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COTA’s Use of Occupational Therapy in the NICU Helps Infants Experiencing Drug Withdrawal

Katie Blahnik, a COTA in Colorado, recognized that OT could play an important role in the implementation of the Eat, Sleep, Console protocol to help infants who are experiencing drug withdrawal.

Katie Blahnik, COTA/L, NTMTC

OTA Instructor, PIMA Medical Institute

Location: Colorado

Certified in 2016

2020 NBCOT Innovation Award Winner

The OT Innovation

The opioid epidemic in the United States has resulted in an increased number of infants who experience in utero exposure to drugs. These infants are at greater risk for developing neonatal abstinence syndrome (NAS) as the infant withdraws from the drugs after birth. Traditionally, infants experiencing drug withdrawal are treated initially with pharmacological measures such as morphine or methadone and are automatically admitted to the neonatal intensive care unit (NICU). This may require weeks- or months-long hospital stays resulting in separation from the infant’s caregiver (parent).

Katie Blahnik, a COTA in Colorado, recognized that OT could play an important role in the implementation of the Eat, Sleep, Console protocol to help infants who are experiencing drug withdrawal. By using non-pharmacological measures as first-round treatment, especially with a heavy focus on occupational/developmental therapy techniques, Katie and her team were able to reduce hospital length of stay and costs, as well as keep the infants and their caregiver(s) together.

Through Katie’s enhanced implementation of the Eat, Sleep, Console program, OT practitioners provided therapy to Substance Exposed Newborns (SEN) six to seven times per week, rather than three to four times per week for a typical neonate in the NICU. The occupational/developmental therapy techniques and interventions utilized by the Eat, Sleep, Console care tool included sensory integration techniques such as dimmed lighting, infant massage, positioning (swaddling/sleep sacks), hearing sound (soft talking/music, limited visitors), feeding techniques as needed, vestibular input (vertical rocking, swings), swaddled baths, aromatherapy, pacifier, bonding blankets, and skin-to-skin. These techniques were incorporated into an individualized care plan for each infant and respective caregiver.

“It was very exciting to take an innovative program like the Eat, Sleep, Console method to another level by increasing the focus and addition of OT interventions. These were interventions we had previously been using for infants going through withdrawal, but adding them into this protocol allowed us to highlight the importance of OT within this population.”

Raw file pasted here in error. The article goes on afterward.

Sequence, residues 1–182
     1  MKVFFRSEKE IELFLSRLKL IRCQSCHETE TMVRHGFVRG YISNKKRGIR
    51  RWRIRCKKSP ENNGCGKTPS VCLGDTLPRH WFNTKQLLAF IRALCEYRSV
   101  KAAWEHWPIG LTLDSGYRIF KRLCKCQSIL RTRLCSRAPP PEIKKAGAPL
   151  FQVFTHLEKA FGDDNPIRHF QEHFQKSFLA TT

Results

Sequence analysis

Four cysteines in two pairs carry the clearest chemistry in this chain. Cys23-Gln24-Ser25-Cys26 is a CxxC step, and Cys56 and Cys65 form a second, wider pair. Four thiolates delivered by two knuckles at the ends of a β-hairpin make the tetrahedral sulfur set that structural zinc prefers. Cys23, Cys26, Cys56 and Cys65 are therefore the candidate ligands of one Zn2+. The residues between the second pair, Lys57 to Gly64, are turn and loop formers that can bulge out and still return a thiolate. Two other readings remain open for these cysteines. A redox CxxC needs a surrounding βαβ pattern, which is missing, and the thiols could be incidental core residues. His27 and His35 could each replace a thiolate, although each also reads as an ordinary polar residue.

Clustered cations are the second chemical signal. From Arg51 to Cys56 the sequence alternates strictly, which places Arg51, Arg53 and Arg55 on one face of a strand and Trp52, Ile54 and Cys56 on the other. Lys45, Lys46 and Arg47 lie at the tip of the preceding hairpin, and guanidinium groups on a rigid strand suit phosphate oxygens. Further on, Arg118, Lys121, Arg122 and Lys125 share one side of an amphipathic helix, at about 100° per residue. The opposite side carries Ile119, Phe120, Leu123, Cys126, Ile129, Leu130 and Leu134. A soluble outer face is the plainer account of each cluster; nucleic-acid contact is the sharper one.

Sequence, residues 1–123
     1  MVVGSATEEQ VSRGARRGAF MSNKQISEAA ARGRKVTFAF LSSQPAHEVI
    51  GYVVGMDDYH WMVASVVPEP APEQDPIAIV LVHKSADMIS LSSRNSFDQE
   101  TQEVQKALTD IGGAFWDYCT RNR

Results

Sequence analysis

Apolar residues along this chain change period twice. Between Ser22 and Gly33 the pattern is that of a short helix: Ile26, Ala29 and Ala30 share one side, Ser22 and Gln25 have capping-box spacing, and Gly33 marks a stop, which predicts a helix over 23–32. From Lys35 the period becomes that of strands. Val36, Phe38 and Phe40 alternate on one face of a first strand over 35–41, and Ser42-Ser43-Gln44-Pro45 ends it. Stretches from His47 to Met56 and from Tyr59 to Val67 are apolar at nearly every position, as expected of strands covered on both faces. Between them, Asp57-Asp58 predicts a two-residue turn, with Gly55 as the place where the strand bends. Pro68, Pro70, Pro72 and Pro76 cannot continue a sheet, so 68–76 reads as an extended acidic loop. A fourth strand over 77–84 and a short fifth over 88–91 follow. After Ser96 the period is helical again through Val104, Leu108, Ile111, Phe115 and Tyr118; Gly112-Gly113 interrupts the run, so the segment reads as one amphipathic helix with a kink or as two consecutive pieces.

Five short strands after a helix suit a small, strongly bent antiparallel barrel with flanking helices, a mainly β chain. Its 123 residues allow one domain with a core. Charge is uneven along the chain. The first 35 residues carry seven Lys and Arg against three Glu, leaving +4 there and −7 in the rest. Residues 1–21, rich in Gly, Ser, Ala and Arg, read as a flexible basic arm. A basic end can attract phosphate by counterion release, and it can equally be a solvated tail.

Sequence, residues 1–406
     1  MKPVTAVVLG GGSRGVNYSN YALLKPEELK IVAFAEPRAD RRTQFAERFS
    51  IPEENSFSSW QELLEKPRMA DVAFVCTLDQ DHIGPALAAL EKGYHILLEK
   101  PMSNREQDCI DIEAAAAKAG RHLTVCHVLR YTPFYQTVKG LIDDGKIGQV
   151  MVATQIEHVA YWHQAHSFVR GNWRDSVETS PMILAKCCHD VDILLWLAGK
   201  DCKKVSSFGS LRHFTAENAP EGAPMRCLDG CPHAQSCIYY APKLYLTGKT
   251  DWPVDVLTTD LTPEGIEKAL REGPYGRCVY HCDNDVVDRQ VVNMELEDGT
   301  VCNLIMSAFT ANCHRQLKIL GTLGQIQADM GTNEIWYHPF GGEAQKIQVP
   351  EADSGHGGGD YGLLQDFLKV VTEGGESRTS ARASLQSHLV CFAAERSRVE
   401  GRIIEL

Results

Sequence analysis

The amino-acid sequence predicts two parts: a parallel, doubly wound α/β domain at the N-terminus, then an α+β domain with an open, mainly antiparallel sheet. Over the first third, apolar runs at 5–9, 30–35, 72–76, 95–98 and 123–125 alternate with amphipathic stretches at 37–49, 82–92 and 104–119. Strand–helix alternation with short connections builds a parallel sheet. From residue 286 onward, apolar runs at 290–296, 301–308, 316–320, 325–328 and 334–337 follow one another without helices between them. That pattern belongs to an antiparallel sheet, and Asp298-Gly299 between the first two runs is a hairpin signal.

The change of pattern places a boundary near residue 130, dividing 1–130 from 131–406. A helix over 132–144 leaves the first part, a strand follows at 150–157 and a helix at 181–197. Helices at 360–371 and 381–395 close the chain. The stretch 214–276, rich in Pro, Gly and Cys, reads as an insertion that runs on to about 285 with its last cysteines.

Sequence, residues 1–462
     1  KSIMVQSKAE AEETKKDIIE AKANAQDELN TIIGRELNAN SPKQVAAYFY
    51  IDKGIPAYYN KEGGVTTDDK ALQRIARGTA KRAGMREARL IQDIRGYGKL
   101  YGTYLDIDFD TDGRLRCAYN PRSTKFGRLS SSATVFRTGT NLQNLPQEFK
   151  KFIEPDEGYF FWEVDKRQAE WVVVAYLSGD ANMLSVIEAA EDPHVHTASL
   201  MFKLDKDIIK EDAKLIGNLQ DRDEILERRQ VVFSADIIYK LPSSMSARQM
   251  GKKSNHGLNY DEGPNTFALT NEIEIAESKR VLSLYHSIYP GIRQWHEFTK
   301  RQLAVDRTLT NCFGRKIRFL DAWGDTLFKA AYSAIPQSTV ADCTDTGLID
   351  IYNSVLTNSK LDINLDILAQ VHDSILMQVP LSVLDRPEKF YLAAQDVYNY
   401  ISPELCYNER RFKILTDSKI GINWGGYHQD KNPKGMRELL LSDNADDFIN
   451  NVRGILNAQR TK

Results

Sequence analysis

Katie Blahnik, COTA/L, NTMTC

2020 NBCOT Innovation Award Winner

Baby in a NICU incubator. An adult hand is reaching out to touch the baby.

Producing Positive Results

Relying heavily on occupational and developmental therapy techniques allowed the infant and caregiver to room together, encouraging greater caregiver participation. It increased parental empowerment and decreased overall stress for the infant/caregiver dyad. These interventions also increased quality of life for the infant and caregiver, and reduced adverse effects caused by pharmacological measures. Caregivers reported greater satisfaction and increased confidence and empowerment in caring for their infant.

After officially implementing the program in January 2019 (it was unofficially implemented in April 2017), admissions to the NICU were drastically reduced. Over the course of the trial, the average length of stay (from April 2017 to December 2019) for infants treated with non-pharmacological measures (n=37) was almost one-third that of those treated with pharmacological measures (n=18), 4.15 days vs. 11.39 days.

Two pie charts showing percentage of discharge disposition of newborns.
The percentages of discharge disposition of two groups. On the left, newborns exposed to opioids who received pharmacological therapy: 60% went home with a biological parent, 36% went home with a guardian or foster parent, and 4% unable to determine. On the right, newborns exposed to opioids who did not receive pharmacological therapy: 81.58% went home with a biological parent, 15.79% went home with a guardian or foster parent, and 2.63% other. 

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January 26, 2021

NBCOT launched the Innovation and Impact Awards in 2020 to publicly recognize the exceptional work OTR and COTA certificants do in their daily practice.